Jar Tests For Optimum pH Determination

We may summarize the optimum pH's of the coagulants obtained in the previous examples: alum _ 5.32, ferrous _ 11.95, and ferric _ 8.2. The problem with these values is that they only apply at a temperature of 25°C. If the formulas for the determination of these pH's are reviewed, they will be found to be functions of equilibrium constants. By the use of the Van't Hoff equation, values at other temperatures for the equilibrium constants can be found. These, however, as mentioned before, also need the value of the standard enthalpy change, AH298, as discussed in the chapter on water stabilization. For the aforementioned coagulants, no values of the enthalpy change are available. Thus, until studies are done to determine these values, optimum pH values must be determined using the jar test.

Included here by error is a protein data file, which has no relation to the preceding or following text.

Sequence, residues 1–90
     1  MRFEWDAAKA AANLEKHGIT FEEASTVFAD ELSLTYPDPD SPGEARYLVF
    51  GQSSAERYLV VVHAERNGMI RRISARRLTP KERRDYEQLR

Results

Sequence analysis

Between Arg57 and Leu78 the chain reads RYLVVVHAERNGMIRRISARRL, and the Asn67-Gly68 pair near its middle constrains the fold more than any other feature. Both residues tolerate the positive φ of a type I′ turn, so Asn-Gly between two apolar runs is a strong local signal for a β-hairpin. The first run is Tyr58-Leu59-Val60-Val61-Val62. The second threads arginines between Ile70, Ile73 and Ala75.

In addition, the optimum pH's of 5.32, 11.95, and 8.2 were obtained at a dissolved solids of 140 mg/L. The value of the dissolved solids predicts the values of the activity coefficients of the various ions in solution, which, in turn, determine the activities of the ions, including that of the hydrogen ion. It follows that, if the dissolved solids concentration is varied, other values of optimum pH's will also be obtained not only the respective values of 5.32, 11.95, and 8.2. This is worth repeating: the values of 5.32, 11.95, and 8.2 apply only at a dissolved solids concentration of 140 mg/L. In addition, they only apply provided the temperature is 25°C. In subsequent discussions, mention of these optimum pH values would mean values at the conditions of 25°C of temperature and a solids concentration of 140 mg/L.

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